In our first post we thought a bit about the context of this incredible invitation. Our second post on this text looked a bit at the Koiné Greek of this passage and we saw certain terms repeated with a variety of important implications.

Let’s begin in this post to outline this passage.

I. The Great Invitation (v. 28):  Note that Jesus says, “Come to me . . .” He doesn’t say come to the Father, but come to me! We noticed in our first post that Jesus stated a few verses earlier: ”  27 “All things have been committed to me by my Father. No one knows the Son except the Father, and no one knows the Father except the Son and those to whom the Son chooses to reveal him.” In no uncertain terms, the Son claims to be the only One who truly knows the Father and He has the power to reveal the Father to those He chooses.

One can’t help but be reminded of John 14:6 where we read, ““I am the way and the truth and the life. No one comes to the Father except through me.” If He is indeed right, then the most rational step anyone could take would be to come to Jesus!

In our next post we will notice that this great invitation is not extended to everyone. Really.

Today’s Challenge: Christians have no right to waffle on the issue of Jesus’ being the exclusive way to the Father. Let us not be ashamed to proclaim Him — and Him alone — as the only Savior and the only way to the Father!

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Posted by on July 24, 2020 in Matthew 11


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Colossal Truths from the Letter to the Colossians! GET BUSY GETTING GODLY! (Part 7)

We only have two posts remaining in our study of what we are calling GET BUSY GETTING GODLY. The next two challenges are found in verses 15-16 —

Since, then, you have been raised with Christ, set your hearts on things above, where Christ is, seated at the right hand of God. 2 Set your minds on things above, not on earthly things. 3 For you died, and your life is now hidden with Christ in God. 4 When Christ, who is your life, appears, then you also will appear with him in glory. 5 Put to death, therefore, whatever belongs to your earthly nature: sexual immorality, impurity, lust, evil desires and greed, which is idolatry. 6 Because of these, the wrath of God is coming. 7 You used to walk in these ways, in the life you once lived. 8 But now you must also rid yourselves of all such things as these: anger, rage, malice, slander, and filthy language from your lips. 9 Do not lie to each other, since you have taken off your old self with its practices 10 and have put on the new self, which is being renewed in knowledge in the image of its Creator. 11 Here there is no Gentile or Jew, circumcised or uncircumcised, barbarian, Scythian, slave or free, but Christ is all, and is in all.12 Therefore, as God’s chosen people, holy and dearly loved, clothe yourselves with compassion, kindness, humility, gentleness and patience. 13 Bear with each other and forgive one another if any of you has a grievance against someone. Forgive as the Lord forgave you. 14 And over all these virtues put on love, which binds them all together in perfect unity.15 Let the peace of Christ rule in your hearts, since as members of one body you were called to peace. And be thankful. 16 Let the message of Christ dwell among you richly as you teach and admonish one another with all wisdom through psalms, hymns, and songs from the Spirit, singing to God with gratitude in your hearts. 17 And whatever you do, whether in word or deed, do it all in the name of the Lord Jesus, giving thanks to God the Father through him.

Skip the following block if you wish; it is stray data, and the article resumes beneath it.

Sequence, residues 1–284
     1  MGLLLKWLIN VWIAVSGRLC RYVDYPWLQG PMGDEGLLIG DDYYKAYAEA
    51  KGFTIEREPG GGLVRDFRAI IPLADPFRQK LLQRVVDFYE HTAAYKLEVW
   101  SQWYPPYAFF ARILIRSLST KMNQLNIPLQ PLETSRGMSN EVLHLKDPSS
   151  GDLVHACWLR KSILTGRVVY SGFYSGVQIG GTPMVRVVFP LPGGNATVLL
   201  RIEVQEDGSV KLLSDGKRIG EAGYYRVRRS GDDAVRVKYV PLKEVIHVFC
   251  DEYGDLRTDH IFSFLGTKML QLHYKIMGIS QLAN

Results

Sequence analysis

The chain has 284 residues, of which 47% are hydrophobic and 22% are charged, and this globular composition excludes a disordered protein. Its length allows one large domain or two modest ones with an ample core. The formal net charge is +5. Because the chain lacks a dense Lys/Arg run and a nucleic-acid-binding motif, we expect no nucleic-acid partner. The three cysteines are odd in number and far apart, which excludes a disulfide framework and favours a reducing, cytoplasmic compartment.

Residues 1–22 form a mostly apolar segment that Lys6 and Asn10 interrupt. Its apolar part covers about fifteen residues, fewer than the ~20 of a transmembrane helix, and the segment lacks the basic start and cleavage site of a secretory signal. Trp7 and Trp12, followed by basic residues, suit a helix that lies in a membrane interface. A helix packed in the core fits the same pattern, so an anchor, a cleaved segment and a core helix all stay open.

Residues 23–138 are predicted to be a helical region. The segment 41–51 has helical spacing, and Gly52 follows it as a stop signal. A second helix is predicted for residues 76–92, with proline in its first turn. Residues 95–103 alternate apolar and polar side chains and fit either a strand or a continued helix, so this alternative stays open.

Today the two challenges are:
(1) Be thankful (v. 15), and
(2) Let the message of Christ dwell among you richly (v. 16).

Have you known people who just seem to be naturally thankful? I have. But they are few and far between. Most people I know (including myself) find it far easier to complain about life and its many disappointments. BEING THANKFUL is a key virtue for the believer — and is one of the habits forsaken by the world (see Romans 1).

I don’t need to go into detail about the many blessings of life for which we should BE THANKFUL. One practice that is helping me is to occasionally (not every day) wake up and say out loud, “FOR WHAT 5 THINGS ARE YOU THANKFUL TO THE LORD TODAY?” Seriously. Even before my morning coffee, I’ve found that when I do that, my mind begins to get calibrated rightly. And my list isn’t always about huge blessings. A few days ago I even thanked the Lord that my dog Scrabble isn’t suffering anymore (we had to put him down). BE THANKFUL TODAY!

We are also to “let the message of Christ dwell among you richly.” There is much here, but the image that comes to my mind is that the Good News about Jesus shouldn’t be like a squatter who’s staying in an abandoned house uninvited. Christ’s message is the guest of honor who will be shown every courtesy and welcomed into our hearts with enthusiasm. To “dwell among you richly” means it becomes the central focus of our lives. It is the most honored guest. And it is not coming for a brief visit. It is going to DWELL in us now and forever!

Jesus is a gentleman who does not force His message on us, but awaits our invitation. Is His message dwelling among you richly today?


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Posted by on June 14, 2019 in christian life